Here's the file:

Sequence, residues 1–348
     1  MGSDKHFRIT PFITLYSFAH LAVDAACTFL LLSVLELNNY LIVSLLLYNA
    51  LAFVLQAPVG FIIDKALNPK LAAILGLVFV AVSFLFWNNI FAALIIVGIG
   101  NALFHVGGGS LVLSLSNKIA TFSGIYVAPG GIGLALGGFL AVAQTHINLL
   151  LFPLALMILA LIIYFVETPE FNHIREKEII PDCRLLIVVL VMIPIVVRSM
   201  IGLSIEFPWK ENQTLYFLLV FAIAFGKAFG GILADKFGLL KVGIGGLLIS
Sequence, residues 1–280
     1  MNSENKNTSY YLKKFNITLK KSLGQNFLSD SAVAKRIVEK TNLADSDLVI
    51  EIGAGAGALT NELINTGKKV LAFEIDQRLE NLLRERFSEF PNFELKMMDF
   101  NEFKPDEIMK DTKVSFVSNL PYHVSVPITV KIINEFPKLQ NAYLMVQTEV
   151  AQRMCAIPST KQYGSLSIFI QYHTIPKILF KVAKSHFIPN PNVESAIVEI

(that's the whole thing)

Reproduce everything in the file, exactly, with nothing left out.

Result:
Sequence, residues 1–348
     1  MGSDKHFRIT PFITLYSFAH LAVDAACTFL LLSVLELNNY LIVSLLLYNA
    51  LAFVLQAPVG FIIDKALNPK LAAILGLVFV AVSFLFWNNI FAALIIVGIG
   101  NALFHVGGGS LVLSLSNKIA TFSGIYVAPG GIGLALGGFL AVAQTHINLL
   151  LFPLALMILA LIIYFVETPE FNHIREKEII PDCRLLIVVL VMIPIVVRSM
   201  IGLSIEFPWK ENQTLYFLLV FAIAFGKAFG GILADKFGLL KVGIGGLLIS
Sequence, residues 1–280
     1  MNSENKNTSY YLKKFNITLK KSLGQNFLSD SAVAKRIVEK TNLADSDLVI
    51  EIGAGAGALT NELINTGKKV LAFEIDQRLE NLLRERFSEF PNFELKMMDF
   101  NEFKPDEIMK DTKVSFVSNL PYHVSVPITV KIINEFPKLQ NAYLMVQTEV
   151  AQRMCAIPST KQYGSLSIFI QYHTIPKILF KVAKSHFIPN PNVESAIVEI